Funny story about The Sugababes actually... Due to my past illegal downloading/'sharing' of music (which I emphasise I truly am ashamed of and would NEVER do now) I have one Sugababes album, 'Three', which ends with the song 'Maya'. This is an absolutely stunning, beautiful, soul-warming track which I used to re-wind and play over and over again. It's sung by Heidi and, being the very last track, marks a change in direction for the group from RnB to something more timeless and universal... Or so I thought... It turns out (and I discovered this only yesterday!!!) that the 'Maya' I was listening to at the end of the Sugababes album was not in fact sung by the Sugababes (I now wonder why I so firmly believed it was a solo by Heidi - I think I thought I'd read it somewhere! I even remember thinking that she must have trained with some eastern/Asian singing tutors especially!) but in fact by Susheela Raman, a completely different singer of southern Indian (Tamil)/UK descent. When downloading the individual tracks by the Sugababes, I obviously mistook 'Maya' by the Sugababes (which is apparently a song dedicated to Mutya Buena's younger sister, who sadly passed away), for a southern indian love song. True story. And to do Susheela Raman's 'Maya' credit (it really is a stunning, captivating song; Heidi truly outdid herself...) here's the song, below, and I'll order the (physical) album on which the original (imposter) 'Maya' appears, Salt Rain -  because it's nice to know that this song isn't just a one off on the part of the Sugababes, and that there is more of this beautiful voice to listen to!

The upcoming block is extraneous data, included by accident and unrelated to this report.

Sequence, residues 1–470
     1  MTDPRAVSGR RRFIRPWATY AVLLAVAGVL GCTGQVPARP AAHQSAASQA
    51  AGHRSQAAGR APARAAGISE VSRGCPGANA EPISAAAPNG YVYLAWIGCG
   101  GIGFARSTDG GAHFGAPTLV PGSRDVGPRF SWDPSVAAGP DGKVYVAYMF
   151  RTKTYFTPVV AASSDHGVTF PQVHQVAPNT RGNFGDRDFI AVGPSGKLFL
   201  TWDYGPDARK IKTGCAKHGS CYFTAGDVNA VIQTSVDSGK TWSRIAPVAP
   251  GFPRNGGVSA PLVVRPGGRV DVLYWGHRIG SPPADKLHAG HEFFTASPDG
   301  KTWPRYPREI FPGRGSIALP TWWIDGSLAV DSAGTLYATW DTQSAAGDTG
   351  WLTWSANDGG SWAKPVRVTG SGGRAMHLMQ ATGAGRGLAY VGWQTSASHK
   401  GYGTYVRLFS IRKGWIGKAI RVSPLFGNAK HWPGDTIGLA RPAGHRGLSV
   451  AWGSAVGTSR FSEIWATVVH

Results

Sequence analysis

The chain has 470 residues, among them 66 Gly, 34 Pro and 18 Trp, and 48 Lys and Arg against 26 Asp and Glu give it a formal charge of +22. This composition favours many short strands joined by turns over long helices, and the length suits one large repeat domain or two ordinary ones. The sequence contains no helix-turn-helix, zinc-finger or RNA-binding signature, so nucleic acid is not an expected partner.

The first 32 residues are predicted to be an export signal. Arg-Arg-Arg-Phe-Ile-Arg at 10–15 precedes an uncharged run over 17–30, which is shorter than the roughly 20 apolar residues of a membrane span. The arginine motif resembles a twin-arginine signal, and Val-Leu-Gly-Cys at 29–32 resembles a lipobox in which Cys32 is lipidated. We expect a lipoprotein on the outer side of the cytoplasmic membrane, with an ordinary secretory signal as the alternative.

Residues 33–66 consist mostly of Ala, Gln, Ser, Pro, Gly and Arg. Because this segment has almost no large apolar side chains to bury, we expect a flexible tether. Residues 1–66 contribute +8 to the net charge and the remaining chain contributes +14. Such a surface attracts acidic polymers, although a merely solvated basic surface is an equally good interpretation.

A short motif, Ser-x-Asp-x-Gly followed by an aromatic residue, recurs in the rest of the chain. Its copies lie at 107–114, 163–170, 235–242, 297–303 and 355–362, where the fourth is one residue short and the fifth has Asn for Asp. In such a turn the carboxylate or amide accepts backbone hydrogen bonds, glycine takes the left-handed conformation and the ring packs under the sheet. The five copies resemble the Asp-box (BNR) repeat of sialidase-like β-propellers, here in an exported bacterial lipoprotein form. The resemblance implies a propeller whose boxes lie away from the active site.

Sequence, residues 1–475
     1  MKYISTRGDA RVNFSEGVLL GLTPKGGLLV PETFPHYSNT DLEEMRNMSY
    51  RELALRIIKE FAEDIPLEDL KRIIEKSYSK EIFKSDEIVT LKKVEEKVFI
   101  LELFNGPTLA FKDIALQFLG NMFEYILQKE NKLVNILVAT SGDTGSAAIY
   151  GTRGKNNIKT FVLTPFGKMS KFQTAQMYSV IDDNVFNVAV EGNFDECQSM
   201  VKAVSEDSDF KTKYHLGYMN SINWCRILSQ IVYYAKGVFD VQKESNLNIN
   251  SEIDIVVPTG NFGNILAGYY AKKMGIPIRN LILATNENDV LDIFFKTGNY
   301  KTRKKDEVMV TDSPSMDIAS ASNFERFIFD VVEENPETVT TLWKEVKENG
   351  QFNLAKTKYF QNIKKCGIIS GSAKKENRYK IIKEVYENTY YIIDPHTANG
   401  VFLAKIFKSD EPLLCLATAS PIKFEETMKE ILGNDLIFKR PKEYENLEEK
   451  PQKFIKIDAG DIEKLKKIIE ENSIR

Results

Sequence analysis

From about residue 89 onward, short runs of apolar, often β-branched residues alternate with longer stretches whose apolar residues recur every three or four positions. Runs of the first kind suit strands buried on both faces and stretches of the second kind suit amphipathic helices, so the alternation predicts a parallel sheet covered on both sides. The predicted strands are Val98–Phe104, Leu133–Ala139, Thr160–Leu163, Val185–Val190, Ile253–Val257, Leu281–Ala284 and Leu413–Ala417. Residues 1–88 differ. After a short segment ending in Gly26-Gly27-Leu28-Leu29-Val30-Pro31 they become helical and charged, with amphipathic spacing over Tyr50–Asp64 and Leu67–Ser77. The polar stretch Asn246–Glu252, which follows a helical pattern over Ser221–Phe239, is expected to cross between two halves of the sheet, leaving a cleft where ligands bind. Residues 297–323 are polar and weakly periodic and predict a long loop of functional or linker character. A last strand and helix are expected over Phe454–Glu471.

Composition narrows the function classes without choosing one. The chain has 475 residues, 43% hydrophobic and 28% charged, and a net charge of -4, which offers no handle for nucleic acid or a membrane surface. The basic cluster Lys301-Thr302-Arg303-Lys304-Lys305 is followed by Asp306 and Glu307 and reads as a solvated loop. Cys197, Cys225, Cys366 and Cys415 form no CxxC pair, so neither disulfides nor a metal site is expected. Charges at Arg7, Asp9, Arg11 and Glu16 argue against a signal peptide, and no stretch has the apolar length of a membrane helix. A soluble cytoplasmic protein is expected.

Monday, 14 January 2013

Life is a Blur...